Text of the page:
It all began with Michelle Obama. Or, Michelle’s Obama’s arms, I should say. As I’ve mentioned a time or twenty, I’ve acquired some substantial bat wings these last several months. Whether due to the retreat of youth, or six months of (sedentary) hibernation.
So with Spring just a [short!] couple of months away, and the vague possibility that I may at some point in the next several weeks wish to wear something other than a long-sleeved t-shirt and baggy jeans, I googled Michelle Obama. Okay, I googled ‘Michelle Obama’s arms’.
I’m sure she is brilliant and savvy not to mention stylish, but middle [North} America knows her for her well-toned arms. Put it this way, I only had to type in the ‘Michelle Obama’ portion of the phrase, Google offered up the ‘arms’ bit on its own. Women everywhere want to know why her arms are devoid of bat-wings.
Turns out she works out, at least three times a week. There is no magical solution. No random ‘I eat three mangoes a day’ sort of thing, which would have been infinitely better than…..exercise.
My three-minute-research-project led me to a blog, with a seemingly short exercise routine recommended by one Coach Rylan. A (Canadian!) man who describes himself as the ‘Problem Part Pro’.
‘If you need detailed descriptions of how to perform these exercises, check the photos and step-by-step instructions in section 3 of your Go Sleeveless manual,’ he helpfully explained. Which offered me some relief since I’d never heard of the likes of burpees and step-ups and narrow-incline push-ups.
So I did the unthinkable, I relinquished my email address for the purpose of getting the promised ‘step-by-step’ instructions. And in return, I received a link to the first lesson of a ten or twelve step video series. A lesson that contained neither exercises nor instructions. A lesson that told me to pinch the fat on my arm and if there was more than half an inch, it meant I needed to quit worrying about my arms, and focus on losing body fat. All. Over.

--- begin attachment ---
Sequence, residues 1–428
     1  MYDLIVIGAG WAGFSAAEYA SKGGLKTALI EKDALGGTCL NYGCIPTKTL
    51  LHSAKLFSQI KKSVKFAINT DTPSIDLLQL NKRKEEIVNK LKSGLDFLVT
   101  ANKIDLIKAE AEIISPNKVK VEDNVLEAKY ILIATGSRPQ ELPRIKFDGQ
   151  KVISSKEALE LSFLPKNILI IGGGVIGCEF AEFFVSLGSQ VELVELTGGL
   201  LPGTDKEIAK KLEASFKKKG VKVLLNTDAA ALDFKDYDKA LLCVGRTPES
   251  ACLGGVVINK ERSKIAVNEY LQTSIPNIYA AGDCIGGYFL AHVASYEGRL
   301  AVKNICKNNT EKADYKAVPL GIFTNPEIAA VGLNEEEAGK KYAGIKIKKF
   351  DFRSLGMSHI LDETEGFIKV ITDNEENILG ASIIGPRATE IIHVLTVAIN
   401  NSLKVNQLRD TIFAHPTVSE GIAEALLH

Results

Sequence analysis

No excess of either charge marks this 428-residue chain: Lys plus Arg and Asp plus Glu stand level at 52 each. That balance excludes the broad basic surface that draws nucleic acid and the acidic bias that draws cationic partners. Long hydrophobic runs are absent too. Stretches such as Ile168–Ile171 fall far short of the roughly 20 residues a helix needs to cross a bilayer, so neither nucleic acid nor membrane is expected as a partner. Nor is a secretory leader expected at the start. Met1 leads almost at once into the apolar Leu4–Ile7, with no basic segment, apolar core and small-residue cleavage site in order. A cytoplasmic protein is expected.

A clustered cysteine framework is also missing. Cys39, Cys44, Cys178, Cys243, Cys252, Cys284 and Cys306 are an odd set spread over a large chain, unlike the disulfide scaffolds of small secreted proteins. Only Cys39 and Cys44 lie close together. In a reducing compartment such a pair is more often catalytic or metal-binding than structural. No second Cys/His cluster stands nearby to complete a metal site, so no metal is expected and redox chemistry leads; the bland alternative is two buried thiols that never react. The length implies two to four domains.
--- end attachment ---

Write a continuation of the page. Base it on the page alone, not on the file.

For five or six minutes I got to look at Coach Rylan, sitting at a table in his kitchen, telling me I had too much body fat. He was wearing a short-sleeved t-shirt over a long-sleeved shirt and I kept thinking if he was offering himself up as some sort of problem part guru, I really needed to see some evidence. Aka, his arms.
‘Well, maybe the instructions will come in the second lesson,’ I concluded after watching the first lesson in its entirety, and being no wiser about the intricacies of the burpee. So I watched the second lesson which talked about calorie restriction and how it doesn’t work. Still no exercises, no instructions. I felt like I’d gotten trapped in a bad pyramid scheme, where ‘knowledge’ or ‘riches’ is always one tantalizing step away.
I watched lesson 3, lesson 4, lesson 5…
Spot reduction doesn’t work. Cardio is a waste of time. Spurts of high-intensity-activity – interval training – is what you need to do to burn that excess body fat.
These lessons, as useful-if-slightly-common-sensical as they were, would not show me how to get in shape. For that, Coach R wanted me to buy his DVDs. So I abandoned the lessons. And attempted the prescribed routine, relying on wikipedia to teach me what a ‘burpee’ is; calling on the livestrong website to explain a ‘step-up’.
I wish I hadn’t.
Jogging in place for two ‘measly’ minutes is a very long time when you’re out of shape. And push-ups – of any variety – are killer. In my defense I will say, I can get through all the exercises….once……without dying. But Coach R actually wants me to do the entire routine three times. I’m not sure I’ll ever be ready to do it three times.
The professor scoffed at my in-place-jogging. He rolled his eyes when I complained about the burpees. ‘You do it,’ I dared him. He dismissed the dare, he protested, he stalled. And then he had no choice but to pony up. I set the oven timer for the two-minute jog. ‘How much longer,’ he complained. I modeled the burpee (or, my understanding of the burpee)…he did one. ‘No, you have to do fifteen,’ I explained. He did ten and quit. Ready to walk away. ‘There’s more,’ I stopped him in his tracks.
He did the step-ups and the deep-plie squats. ‘Now you get to rest for 60 seconds,’ I told him while setting the oven timer for a minute.
And then he did the planks and the push ups. ‘Done!’ he gloated. ‘You haven’t done the chair dips,’ I protested, ‘and you have to do the entire thing two more times.’ (As if I could or had.) He looked at me, ‘I’m not doing it two more times,’ and after a few halfhearted chair dips, walked away.
Perhaps I’ll try eating three mangoes a day instead.